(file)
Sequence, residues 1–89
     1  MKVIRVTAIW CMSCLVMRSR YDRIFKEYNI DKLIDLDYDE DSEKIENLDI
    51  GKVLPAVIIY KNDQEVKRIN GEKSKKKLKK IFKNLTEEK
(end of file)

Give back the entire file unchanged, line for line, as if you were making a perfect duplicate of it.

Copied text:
Sequence, residues 1–89
     1  MKVIRVTAIW CMSCLVMRSR YDRIFKEYNI DKLIDLDYDE DSEKIENLDI
    51  GKVLPAVIIY KNDQEVKRIN GEKSKKKLKK IFKNLTEEK